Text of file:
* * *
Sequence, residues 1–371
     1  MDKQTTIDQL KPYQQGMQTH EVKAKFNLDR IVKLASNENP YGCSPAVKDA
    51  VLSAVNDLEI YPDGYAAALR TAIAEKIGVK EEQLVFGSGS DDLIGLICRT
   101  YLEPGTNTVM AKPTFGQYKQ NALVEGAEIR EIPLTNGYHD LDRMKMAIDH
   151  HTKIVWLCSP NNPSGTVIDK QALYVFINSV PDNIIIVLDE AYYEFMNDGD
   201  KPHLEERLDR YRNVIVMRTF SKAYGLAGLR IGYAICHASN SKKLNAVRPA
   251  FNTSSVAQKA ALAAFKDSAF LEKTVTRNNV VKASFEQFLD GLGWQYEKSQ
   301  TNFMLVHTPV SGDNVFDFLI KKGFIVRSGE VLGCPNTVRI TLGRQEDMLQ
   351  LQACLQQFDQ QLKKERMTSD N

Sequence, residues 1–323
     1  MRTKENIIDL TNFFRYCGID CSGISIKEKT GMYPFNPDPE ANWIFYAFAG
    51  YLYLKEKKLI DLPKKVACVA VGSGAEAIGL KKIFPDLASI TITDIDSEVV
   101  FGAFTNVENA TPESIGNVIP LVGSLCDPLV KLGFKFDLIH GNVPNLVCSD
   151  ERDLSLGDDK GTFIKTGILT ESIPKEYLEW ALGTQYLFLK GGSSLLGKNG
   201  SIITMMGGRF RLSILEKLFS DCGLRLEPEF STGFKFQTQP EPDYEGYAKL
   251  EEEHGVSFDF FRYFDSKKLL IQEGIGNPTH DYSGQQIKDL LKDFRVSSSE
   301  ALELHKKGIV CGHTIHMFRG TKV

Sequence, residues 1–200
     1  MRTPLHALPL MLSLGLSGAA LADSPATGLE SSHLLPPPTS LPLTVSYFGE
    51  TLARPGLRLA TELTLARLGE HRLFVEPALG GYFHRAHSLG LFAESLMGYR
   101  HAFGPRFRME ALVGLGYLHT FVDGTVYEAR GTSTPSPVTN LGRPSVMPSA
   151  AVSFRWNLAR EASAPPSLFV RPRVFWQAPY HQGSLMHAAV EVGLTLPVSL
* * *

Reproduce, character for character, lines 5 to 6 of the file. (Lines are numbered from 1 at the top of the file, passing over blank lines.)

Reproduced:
   151  HTKIVWLCSP NNPSGTVIDK QALYVFINSV PDNIIIVLDE AYYEFMNDGD
   201  KPHLEERLDR YRNVIVMRTF SKAYGLAGLR IGYAICHASN SKKLNAVRPA